Disclosure: Nothing to disclose.

Coauthor(s)

Kerry O Cleveland, MD Professor of Medicine, University of Tennessee College of Medicine; Consulting Staff, Department of Internal Medicine, Division of Infectious Diseases, Methodist Healthcare of Memphis

Kerry O Cleveland, MD is a member of the following medical societies: American College of Physicians, Society for Healthcare Epidemiology of America, Infectious Diseases Society of America

Disclosure: Nothing to disclose.

Specialty Editor Board

Francisco Talavera, PharmD, PhD Adjunct Assistant Professor, University of Nebraska Medical Center College of Pharmacy; Editor-in-Chief, Medscape Drug Reference

Disclosure: Received salary from Medscape for employment. for: Medscape.

Chief Editor

Pranatharthi Haran Chandrasekar, MBBS, MD Professor, Chief of Infectious Disease, Program Director of Infectious Disease Fellowship, Department of Internal Medicine, Wayne State University School of Medicine

Pranatharthi Haran Chandrasekar, MBBS, MD is a member of the following medical societies: American College of Physicians, American Society for Microbiology, International Immunocompromised Host Society, Infectious Diseases Society of America

Disclosure: Nothing to disclose.

Additional Contributors

Daniel R Lucey, MD, MPH, MD, MPH 

Daniel R Lucey, MD, MPH, MD, MPH is a member of the following medical societies: Alpha Omega Alpha, American College of Physicians

Disclosure: Nothing to disclose.

Kitonga P Kiminyo, MD Consulting Staff, ID Consultants, Inc

Kitonga P Kiminyo, MD is a member of the following medical societies: Infectious Diseases Society of America

Disclosure: Nothing to disclose.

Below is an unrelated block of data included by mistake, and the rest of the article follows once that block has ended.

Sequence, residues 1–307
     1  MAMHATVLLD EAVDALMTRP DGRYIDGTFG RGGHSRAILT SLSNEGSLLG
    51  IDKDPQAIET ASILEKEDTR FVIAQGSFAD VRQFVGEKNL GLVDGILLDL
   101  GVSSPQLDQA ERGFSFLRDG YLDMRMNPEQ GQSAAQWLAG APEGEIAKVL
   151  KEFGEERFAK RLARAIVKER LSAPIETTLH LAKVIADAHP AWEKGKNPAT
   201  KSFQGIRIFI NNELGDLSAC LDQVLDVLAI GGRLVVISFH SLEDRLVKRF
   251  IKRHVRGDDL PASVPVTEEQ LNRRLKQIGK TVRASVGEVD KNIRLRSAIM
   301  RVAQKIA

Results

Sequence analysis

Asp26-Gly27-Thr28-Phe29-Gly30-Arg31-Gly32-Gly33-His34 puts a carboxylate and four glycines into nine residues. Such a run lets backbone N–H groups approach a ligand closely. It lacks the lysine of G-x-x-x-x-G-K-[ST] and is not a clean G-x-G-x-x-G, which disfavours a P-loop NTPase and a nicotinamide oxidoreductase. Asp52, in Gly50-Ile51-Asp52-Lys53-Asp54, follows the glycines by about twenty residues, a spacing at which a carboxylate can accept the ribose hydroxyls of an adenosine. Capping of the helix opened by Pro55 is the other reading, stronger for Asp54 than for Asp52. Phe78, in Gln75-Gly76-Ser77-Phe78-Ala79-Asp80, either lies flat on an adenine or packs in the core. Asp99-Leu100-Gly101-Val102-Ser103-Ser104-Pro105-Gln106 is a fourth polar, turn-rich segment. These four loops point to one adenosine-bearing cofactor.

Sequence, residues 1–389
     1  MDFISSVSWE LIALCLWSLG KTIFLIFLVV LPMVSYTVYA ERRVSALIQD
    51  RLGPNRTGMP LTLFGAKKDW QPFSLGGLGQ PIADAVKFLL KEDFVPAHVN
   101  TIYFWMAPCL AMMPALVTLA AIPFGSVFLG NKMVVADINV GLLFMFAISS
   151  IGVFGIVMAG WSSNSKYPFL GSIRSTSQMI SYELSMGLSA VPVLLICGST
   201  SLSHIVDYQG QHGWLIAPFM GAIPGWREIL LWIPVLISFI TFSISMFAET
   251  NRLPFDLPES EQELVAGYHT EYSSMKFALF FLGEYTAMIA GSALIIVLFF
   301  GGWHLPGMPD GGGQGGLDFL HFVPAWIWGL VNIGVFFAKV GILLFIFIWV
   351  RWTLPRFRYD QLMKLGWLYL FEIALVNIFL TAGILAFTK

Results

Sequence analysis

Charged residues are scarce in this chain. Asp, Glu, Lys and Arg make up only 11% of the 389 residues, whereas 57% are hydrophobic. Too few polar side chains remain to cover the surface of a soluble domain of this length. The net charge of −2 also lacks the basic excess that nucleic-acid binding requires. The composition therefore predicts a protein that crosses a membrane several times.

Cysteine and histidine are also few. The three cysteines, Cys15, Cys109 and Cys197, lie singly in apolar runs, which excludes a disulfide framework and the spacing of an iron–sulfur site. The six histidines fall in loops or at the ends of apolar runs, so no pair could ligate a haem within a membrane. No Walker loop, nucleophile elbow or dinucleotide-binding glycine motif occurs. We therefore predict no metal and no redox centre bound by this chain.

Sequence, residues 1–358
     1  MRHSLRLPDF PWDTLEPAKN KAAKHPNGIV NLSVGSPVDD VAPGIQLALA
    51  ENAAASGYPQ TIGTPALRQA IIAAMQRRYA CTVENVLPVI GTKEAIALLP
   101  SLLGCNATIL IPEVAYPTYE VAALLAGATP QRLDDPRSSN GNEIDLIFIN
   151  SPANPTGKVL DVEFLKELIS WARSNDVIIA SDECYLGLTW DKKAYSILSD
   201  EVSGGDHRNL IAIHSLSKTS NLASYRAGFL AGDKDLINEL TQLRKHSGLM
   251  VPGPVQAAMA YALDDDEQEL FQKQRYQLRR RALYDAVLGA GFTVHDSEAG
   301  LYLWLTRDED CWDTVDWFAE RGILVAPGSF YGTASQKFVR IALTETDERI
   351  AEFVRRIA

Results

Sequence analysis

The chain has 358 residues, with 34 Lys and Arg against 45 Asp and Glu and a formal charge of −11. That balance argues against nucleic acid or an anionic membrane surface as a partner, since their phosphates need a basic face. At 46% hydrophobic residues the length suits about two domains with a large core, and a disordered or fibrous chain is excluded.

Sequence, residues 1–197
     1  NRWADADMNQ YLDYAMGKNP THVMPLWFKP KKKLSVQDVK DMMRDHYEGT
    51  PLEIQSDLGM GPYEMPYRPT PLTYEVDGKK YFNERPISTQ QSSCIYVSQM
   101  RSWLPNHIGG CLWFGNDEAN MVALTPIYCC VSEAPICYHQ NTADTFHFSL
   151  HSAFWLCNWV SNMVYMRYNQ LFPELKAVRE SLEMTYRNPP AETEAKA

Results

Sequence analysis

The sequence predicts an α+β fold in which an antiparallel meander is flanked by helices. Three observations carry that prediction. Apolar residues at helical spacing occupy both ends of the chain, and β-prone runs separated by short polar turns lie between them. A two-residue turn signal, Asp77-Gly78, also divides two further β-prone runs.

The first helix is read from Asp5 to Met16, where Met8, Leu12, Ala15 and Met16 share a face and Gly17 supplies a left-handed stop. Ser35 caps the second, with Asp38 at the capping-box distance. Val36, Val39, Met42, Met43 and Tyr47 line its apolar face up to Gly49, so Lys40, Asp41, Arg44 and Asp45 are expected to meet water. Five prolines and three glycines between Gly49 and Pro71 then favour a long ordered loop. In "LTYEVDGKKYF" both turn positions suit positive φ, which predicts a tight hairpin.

Acknowledgements

Gary L Gorby, MD Associate Professor, Departments of Internal Medicine and Medical Microbiology and Immunology, Division of Infectious Diseases, Creighton University School of Medicine; Associate Professor of Medicine, University of Nebraska Medical Center; Associate Chair, Omaha Veterans Affairs Medical Center

Gary L Gorby, MD is a member of the following medical societies: Alpha Omega Alpha, American Medical Association, American Society for Microbiology, Infectious Diseases Society of America, and New York Academy of Sciences

Disclosure: Nothing to disclose.

Joseph F John Jr, MD, FACP, FIDSA, FSHEA Clinical Professor of Medicine, Molecular Genetics and Microbiology, Medical University of South Carolina College of Medicine; Associate Chief of Staff for Education, Ralph H Johnson Veterans Affairs Medical Center

Disclosure: Nothing to disclose.

Daniel R Lucey, MD, MPH Chief, Fellowship Program Director, Department of Internal Medicine, Division of Infectious Diseases, Washington Hospital Center; Professor, Department of Internal Medicine, Uniformed Services University of the Health Sciences

Daniel R Lucey, MD, MPH is a member of the following medical societies: Alpha Omega Alpha and American College of Physicians

Disclosure: Nothing to disclose.

Francisco Talavera, PharmD, PhD Adjunct Assistant Professor, University of Nebraska Medical Center College of Pharmacy; Editor-in-Chief, Medscape Drug Reference

Disclosure: Medscape Salary Employment

References
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  3. Simarro PP, Cecchi G, Franco JR, Paone M, Fèvre EM, Diarra A, et al. Risk for human african trypanosomiasis, central Africa, 2000-2009. Emerg Infect Dis. 2011 Dec. 17(12):2322-4. [Medline].

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African trypanosomiasis (sleeping sickness). Human trypanosomes blood smear.
Table. Medications Recommended for Treatment of African Trypanosomiasis
Type of Trypanosomiasis Medications
Stage 1 (Early or Hemolymphatic Stage) Stage 2 (Late or Neurologic Stage)
East African trypanosomiasis (caused by Trypanosoma brucei rhodesiense) Suramin 100-200 mg IV test dose, then 1 g IV on days 1, 3, 7, 14, 21 Melarsoprol 2-3.6 mg/kg/day IV for 3 days; after 1 week, 3.6 mg/kg/day for 3 days; after 10-21 days, repeat cycle
West African trypanosomiasis (caused by Trypanosoma brucei gambiense) Pentamidine isethionate 4 mg/kg/day IM for 10 days



or



Suramin 100-200 mg IV test dose, then 1 g IV on days 1, 3, 7, 14, 21



Nifurtimox-eflornithine combination therapy (NECT): Nifurtimox 5 mg/kg PO q8h for 10 days and eflornithine 200 mg/kg IV q12h for 7 days



or



Eflornithine 400 mg/kg/day IV in 2 divided doses for 14 days



or



Melarsoprol IV for 10 days